Previously the camera would look at whatever lens you put on it to see if it was: A. A native L mount lens from one of the three participants in that lens family. B. An R Rom lens mounted to the camera with a Leica R to L adapter. C. A coded Leica M lens mounted to the camera with a Leica M to L adapter. If you had Leica lenses that were not equipped with coding or rom you could look in the lens profiles and choose your Leica lens. There was no option to just key in the focal length of a non-profiled lens and take advantage of the in-body I.S. 

Sure, you could cheat and select a lens from one of the Leica lens on the profile lists and make due but the profile for, say, the 50mm R Summilux, includes more than just the focal length. The engineers built profiles that take into consideration things like color shifts across the frame and those are different from lens to lens. Same with distortion characteristics and vignetting. Using an included profile not specific to your actual lens might give you I.S. but it might also provide you with a host of unwanted issues as well. 

With the update to 5.0 you can now go into the menu and select a specific focal length for a "mystery" lens and the camera will use the information for the purposes of stabilization without messing up other parameters of the lens's imaging. It's really nice to have. 

The update to 5.0 also enhances the performance of other makers's L mount lenses (Think: Sigma and Panasonic) when used on the Leica SL2. I'd conjecture that we'll see greater battery life and more responsive AF performance as a result.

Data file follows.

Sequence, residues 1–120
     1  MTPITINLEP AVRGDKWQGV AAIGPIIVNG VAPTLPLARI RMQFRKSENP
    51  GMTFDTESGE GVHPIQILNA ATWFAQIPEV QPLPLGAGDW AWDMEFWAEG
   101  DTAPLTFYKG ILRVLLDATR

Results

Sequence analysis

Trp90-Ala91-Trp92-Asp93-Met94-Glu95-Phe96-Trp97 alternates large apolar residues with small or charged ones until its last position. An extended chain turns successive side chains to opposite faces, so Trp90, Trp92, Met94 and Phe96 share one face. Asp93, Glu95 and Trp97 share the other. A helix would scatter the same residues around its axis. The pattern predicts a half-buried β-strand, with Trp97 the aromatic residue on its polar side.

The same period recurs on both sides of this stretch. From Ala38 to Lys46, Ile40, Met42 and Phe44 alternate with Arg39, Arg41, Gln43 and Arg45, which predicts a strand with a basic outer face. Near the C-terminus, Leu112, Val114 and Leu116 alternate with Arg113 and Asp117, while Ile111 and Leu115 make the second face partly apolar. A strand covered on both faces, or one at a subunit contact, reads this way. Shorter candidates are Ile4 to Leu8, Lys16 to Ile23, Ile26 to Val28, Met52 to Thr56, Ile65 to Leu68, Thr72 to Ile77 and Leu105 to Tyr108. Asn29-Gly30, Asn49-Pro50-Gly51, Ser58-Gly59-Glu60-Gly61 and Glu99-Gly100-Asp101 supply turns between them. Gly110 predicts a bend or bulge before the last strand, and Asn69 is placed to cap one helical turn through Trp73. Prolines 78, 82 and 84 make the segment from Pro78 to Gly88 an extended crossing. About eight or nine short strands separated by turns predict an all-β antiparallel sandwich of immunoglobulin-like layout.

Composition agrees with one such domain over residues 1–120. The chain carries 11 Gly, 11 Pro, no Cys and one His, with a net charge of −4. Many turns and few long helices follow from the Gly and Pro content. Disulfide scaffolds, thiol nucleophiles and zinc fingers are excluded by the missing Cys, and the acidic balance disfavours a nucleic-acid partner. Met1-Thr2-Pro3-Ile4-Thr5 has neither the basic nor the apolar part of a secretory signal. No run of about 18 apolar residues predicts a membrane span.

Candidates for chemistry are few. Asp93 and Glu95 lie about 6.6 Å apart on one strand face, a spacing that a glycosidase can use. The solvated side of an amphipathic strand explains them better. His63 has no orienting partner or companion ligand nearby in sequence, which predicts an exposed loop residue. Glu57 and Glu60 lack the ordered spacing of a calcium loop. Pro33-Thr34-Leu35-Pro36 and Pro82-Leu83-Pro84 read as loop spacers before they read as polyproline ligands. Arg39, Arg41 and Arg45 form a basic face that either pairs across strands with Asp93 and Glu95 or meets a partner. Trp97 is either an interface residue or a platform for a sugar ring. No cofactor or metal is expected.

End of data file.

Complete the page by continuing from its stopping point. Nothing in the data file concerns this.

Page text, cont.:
This and the previous major firmware update (4.0) both added to the camera's depth, performance and video chops. It's a continuous transformation of an already great product. 

But I have a pressing question.

Why is it that the world's "largest" digital camera review site made no mention of such an important upgrade on a current, production camera? Has DPR given up reporting on Leica products altogether or are they too busy noting what's in Chris Nichols's backpack when he goes out on a canoe ride to bother reporting major camera upgrades from a company that is both a legend in the industry and the most profitable (per unit) camera maker in the world?

I guess when Barney left we ended up depending on DPR's "B" team for timely info only to see laid bare that their real focus is on.......only contemporaneous, mainstream product launches and leaky articles about technology on which they have a very shaky grip. Caveat Emptor.